Introduces general inorganic chemistry. Major topics include measurements, atomic structure, bonding, chemical periodicity, stoichiometry, gas laws, solution chemistry, nuclear chemistry, and acid/base chemistry. May meet requirements in Nursing and Health Careers programs. Three hours of lecture and two hours of laboratory per week.
Goals, Topics, and Objectives
The purpose of this course is to illustrate through classroom instruction and laboratory experiments some of the fundamental principles and laws governing general chemistry. The curriculum is designed to provide a chemistry foundation that prepares students for further careers including Nursing and Health Careers programs and assist students develop problem solving and critical thinking skills.
- Matter, Energy, and Measurements
- Atoms, Atomic Structure, and the Periodic Table
- Chemical Bonds and Nomenclature
- Chemical Reactions and Stoichiometry
- Properties of Gases and the Gas Laws
- Solutions, Concentration Units, and Intermolecular Forces
- Nuclear Chemistry
- Acids, Bases, and pH
Upon successful completion of this course, students should be able to:
- Associate the correct units with measurements of length, mass, volume, temperature, density, and heat.
- Perform unit conversion and problem solving using the dimensional analysis method.
- Identify the names of elements based on their elemental symbol.
- Differentiate between elements, compounds, and mixtures.
- Use the periodic table as a tool to explain and predict trends in atomic structure and properties.
- Convert between the names and the chemical formulas of compounds and molecules.
- Draw Lewis structure for atoms, molecules, and ions.
- Determine the polarity of bonds.
- Perform calculations using Avogadro’s number.
- Balance chemical equations.
- Use stoichiometry to calculate mass relationships in a chemical reaction.
- Use the Gas Laws to calculate how changes in pressure, temperature, and/or volume affect an ideal gas.
- Relate the nature and importance of intermolecular forces to characteristic physical properties.
- Distinguish between solutes and solvents.
- Characterize a solution as saturated, unsaturated, or supersaturated.
- Calculate the concentration of solutions.
- Distinguish electrolytes from non electrolytes.
- Define the properties of acids and bases.
- Calculate pH and pOH of solutions.
- Perform titration calculations.
- Distinguish among alpha, beta, and gamma radiation and the appropriate shielding for each.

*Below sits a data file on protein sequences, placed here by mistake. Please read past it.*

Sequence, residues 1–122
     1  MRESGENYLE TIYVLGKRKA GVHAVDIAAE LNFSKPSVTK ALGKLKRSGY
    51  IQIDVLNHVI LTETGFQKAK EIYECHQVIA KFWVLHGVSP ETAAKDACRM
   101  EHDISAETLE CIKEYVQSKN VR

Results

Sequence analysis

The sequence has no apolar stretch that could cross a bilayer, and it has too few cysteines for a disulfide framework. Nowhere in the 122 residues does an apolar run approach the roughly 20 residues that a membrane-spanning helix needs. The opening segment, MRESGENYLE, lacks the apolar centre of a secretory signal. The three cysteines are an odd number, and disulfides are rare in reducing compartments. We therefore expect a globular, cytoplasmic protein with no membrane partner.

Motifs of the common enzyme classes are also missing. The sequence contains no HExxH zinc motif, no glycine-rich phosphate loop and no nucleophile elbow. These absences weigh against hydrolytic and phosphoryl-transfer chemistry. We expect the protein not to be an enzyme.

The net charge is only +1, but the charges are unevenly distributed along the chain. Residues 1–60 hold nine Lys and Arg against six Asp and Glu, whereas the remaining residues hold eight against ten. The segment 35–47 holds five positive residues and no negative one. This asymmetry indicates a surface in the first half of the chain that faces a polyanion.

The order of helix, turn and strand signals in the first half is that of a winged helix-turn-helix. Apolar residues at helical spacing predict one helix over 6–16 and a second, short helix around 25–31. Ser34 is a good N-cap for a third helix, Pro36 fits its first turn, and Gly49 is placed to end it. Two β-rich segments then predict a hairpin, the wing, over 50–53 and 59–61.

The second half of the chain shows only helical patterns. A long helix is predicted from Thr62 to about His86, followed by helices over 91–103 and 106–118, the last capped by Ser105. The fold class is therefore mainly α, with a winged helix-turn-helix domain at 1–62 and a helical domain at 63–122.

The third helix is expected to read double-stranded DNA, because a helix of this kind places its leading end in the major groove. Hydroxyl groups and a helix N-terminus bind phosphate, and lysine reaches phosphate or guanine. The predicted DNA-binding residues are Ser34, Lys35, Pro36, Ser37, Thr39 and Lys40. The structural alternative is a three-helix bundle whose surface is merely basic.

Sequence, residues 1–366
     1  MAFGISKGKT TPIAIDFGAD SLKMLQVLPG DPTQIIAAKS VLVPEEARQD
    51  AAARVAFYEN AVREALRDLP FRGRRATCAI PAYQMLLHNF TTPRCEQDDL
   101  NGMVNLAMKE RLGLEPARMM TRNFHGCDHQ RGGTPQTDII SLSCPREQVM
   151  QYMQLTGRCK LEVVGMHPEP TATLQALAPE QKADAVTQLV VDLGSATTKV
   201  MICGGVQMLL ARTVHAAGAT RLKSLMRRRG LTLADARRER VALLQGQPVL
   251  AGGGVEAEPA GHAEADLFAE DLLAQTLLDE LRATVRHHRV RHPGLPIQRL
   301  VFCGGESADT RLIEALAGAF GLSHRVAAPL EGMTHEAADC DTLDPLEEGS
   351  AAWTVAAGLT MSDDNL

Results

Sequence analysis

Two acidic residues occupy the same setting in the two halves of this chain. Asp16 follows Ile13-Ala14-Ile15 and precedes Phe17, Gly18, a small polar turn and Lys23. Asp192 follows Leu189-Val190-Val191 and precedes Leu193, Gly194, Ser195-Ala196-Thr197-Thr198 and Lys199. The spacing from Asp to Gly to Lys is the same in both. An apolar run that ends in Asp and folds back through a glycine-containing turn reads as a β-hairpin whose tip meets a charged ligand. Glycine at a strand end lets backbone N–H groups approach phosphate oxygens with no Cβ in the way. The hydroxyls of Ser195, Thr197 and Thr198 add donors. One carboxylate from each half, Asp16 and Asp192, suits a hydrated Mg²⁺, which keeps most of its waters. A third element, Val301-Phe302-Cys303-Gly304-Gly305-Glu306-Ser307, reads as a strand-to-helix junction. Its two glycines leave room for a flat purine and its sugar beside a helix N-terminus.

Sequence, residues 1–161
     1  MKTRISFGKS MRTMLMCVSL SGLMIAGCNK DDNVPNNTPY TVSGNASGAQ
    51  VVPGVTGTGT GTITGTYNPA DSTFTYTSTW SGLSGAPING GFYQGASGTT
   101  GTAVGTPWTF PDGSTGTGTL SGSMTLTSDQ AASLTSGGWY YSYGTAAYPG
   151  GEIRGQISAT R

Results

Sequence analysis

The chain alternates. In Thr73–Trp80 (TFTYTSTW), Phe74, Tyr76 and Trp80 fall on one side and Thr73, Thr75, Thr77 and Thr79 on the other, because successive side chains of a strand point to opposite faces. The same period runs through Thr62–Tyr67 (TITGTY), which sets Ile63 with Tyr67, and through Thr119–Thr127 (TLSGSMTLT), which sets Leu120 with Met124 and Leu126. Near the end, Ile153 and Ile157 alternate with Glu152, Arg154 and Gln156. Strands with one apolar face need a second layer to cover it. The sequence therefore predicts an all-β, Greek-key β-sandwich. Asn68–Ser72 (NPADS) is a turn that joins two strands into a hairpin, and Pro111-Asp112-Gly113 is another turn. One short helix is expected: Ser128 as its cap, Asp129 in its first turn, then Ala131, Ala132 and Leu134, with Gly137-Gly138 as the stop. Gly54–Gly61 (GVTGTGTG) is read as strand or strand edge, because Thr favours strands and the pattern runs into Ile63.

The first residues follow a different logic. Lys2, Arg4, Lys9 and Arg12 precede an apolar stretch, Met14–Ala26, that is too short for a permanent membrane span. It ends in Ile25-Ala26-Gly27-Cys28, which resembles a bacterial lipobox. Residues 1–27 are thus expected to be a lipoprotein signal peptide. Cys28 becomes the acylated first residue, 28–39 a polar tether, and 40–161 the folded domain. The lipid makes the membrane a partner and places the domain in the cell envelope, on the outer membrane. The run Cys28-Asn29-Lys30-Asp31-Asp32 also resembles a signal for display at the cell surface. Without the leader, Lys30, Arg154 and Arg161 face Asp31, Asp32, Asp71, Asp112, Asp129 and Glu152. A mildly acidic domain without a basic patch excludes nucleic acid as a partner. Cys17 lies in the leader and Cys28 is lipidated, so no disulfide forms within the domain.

- Calculate the amount of radioisotope remaining after a given number of half-lives.
Major Lab Objectives:
- Recognize the presence of chemistry and its application to the environment, careers and daily life.
- Apply laboratory rules and know the location of safety equipment.
- Demonstrate proficiency in the use of chemical instrumentation.
- Demonstrate the use of critical thinking skills in the analysis of experimental data.
Assessment and Requirements
Students will be assessed in lecture using exams, assignments, quizzes, and a comprehensive final. Students will be assessed in lab using reports, quizzes, and lab-exams. The overall course grade is determined using the categories and values listed below.
|Lecture Exams (4)||40%|
|Laboratory (reports, quizzes, lab-exams)||25%|
|Final Exam (cumulative)||20%|
No student will receive a passing grade in CHEM 131 unless that student has earned at least a 65% in the laboratory.
- Natural Sciences
- Scientific Reasoning
- Category 6: Natural Sciences (Lecture and Lab)
Credit for Prior College-Level Learning
A student may receive credit for CHEM-131 by earning a score of 4 or higher on the AP Chemistry Exam and providing a portfolio that demonstrates 30 hours of appropriate college level chemistry laboratory experience. An interview may also be required.
A student may receive credit for CHEM-131 by earning either:
- A score of 4 or higher on the AP Chemistry Exam and providing a portfolio that demonstrates 30hr of appropriate college level chemistry laboratory experience. An interview may also be required.
- A score of 5 or higher on the International Baccalaureate-Higher Level (IB-HL) Chemistry Exam.
- A score of 6 or higher on the International Baccalaureate-Standard Level (IB-SL) Chemistry Exam.